I was merely saying that the chief constable is irresponsible.

In what way?

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PostPosted: Wed Aug 01, 2007 12:33 
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I believe he means it in a completely different way to what it is being interpreted. In that he is irresponsible for peddling laws which are stupid, road safety campaigns with damage road safety and therefore is irresponsible as is putting people in danger


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PostPosted: Wed Aug 01, 2007 14:00 
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I wouldn’t call him an irresponsible person. If he condones the use of speed cameras the way they are being used at present, I’d call him a hypocrite and, if he’s supposed to be setting us all an example then IMO he should have been punished more than what he has been.

When I read the article it was in the back of my mind whether he’s owned up to the offence just to appease the public, well if it’s good for the police then it’s good for the rest of us, especially with the publicity the police have been receiving lately.

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PostPosted: Wed Aug 01, 2007 14:26 
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I'd be extremely surprised if he was driving irresponsibly or in an unsafe manner. He himself says it was "in daylight on a clear open stretch of road" - so I would believe that he was driving at a safe & appropriate speed.

Which begs the question, should that particular cashcam be there?

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PostPosted: Wed Aug 01, 2007 17:45 
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I wonder if he asked to see his photographs and ensured the secondary check was up to scratch?

72mph gives 64 inches in one second more than the threshold speed (68mph).

That's not very far.
On second thoughts - he's got no chance - he's guilty - he must be because the camera NEVER lies!

I wonder why he didn't see the camera, and check his speed and slow down?

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PostPosted: Wed Aug 01, 2007 18:10 
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I read in another article that he was caught by a mobile unit.


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PostPosted: Thu Aug 02, 2007 16:22 
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Probably got caught on the famous stacker lanes near kingussie.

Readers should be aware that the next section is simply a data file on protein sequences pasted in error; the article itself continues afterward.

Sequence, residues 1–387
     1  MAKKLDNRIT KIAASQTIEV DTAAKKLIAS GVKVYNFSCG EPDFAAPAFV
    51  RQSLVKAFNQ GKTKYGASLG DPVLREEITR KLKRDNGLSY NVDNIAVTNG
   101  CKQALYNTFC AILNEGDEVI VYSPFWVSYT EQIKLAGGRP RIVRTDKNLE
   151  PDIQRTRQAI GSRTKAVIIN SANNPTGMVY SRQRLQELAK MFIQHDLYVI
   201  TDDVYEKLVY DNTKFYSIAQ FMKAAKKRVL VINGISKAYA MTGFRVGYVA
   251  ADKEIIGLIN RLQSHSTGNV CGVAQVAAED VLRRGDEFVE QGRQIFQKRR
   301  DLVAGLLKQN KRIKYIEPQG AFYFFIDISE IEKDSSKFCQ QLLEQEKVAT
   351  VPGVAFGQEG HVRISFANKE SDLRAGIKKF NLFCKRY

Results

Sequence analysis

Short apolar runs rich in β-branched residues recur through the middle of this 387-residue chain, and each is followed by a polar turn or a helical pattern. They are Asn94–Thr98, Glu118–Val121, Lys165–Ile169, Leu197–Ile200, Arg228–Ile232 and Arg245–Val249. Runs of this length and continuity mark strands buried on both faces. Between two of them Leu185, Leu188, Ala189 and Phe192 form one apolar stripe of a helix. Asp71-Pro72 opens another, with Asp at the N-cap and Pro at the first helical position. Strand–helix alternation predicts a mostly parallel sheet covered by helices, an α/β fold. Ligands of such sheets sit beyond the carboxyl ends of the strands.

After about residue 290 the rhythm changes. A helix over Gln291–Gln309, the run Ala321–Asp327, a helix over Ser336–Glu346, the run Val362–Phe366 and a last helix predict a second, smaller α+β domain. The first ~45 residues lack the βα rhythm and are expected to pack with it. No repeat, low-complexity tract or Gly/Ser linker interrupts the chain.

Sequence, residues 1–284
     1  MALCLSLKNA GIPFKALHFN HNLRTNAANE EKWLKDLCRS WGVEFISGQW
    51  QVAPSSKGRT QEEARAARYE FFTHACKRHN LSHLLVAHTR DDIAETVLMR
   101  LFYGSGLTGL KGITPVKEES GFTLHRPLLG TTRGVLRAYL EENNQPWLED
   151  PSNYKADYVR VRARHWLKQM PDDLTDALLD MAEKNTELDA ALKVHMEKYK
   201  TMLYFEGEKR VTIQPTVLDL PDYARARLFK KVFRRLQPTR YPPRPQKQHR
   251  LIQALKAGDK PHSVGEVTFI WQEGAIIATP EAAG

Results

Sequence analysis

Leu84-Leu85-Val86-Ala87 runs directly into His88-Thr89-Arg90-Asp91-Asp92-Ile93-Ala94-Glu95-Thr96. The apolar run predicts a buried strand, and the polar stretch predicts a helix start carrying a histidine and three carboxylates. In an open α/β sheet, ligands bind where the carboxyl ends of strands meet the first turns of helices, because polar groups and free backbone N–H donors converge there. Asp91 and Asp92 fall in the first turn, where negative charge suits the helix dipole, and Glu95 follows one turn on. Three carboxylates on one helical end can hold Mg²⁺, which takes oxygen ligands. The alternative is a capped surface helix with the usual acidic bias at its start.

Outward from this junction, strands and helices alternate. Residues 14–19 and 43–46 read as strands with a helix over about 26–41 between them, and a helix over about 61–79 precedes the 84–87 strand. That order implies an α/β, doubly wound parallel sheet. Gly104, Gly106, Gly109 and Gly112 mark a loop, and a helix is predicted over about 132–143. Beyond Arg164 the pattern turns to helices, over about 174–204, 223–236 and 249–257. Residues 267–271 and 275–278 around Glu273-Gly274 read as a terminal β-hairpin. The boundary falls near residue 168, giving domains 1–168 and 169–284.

These have dual on one side and single carriage the other way - however both technically have 60mph limit applied to both sides. In most cases the lorries speed up on these sections ensuring that its very difficult to get anyone by in time.

The most annoying thing about this and the road is the forces inability to police HGV's who frequently flought the 40mph speed on this A road. If the HGV's did the 40mph - then they would be easier to overtake.

An HGV travelling at 40mph is easy to over take at 60mph on a safe piece of road - however if you have a 50mph lorry - then you have to break the speed limit to ensure safe overtake can be made. Add the 60mph at the stacker lanes - and you can easily hit the 72mph.

Unlike the establishment I'm open minded enough to see how easy it is to do this "by accident" or necessity. However I'd bet this "lapse" isnt such a one off that they are trying to make this out to be.

Takes a big man to admit the fault - takes a bigger man to realise that the system is wrong and unjust - takes an even bigger man to ensure that he drives at 60 and 70 when allowed to by law on the A9!!!


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PostPosted: Thu Aug 02, 2007 16:37 
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Do enjoy the 3 points for the 3 years probation on your licence you'll now have to bear like the rest of us. Does the punishment fit the crime? Not really. You'd get less for being in possession of controlled substance or breach of the peace.

Perhaps we need to use the German system of fines and points.

There, if you make a small mistake like this - then your fined however not pointed. Only when you stray 21-25km/h (roughly 13mph-15.5mph) do you incur 1 point and a fine to start with.

In British terms this offence and poor man :D we're all talking about would have still carried a painful fine as it was only 12mph over posted limit of 60mph - but would have not endorsed his licence - which I think would have been a more comensurate response to a "mistake".

But hey I dont make the rules unfortunately :x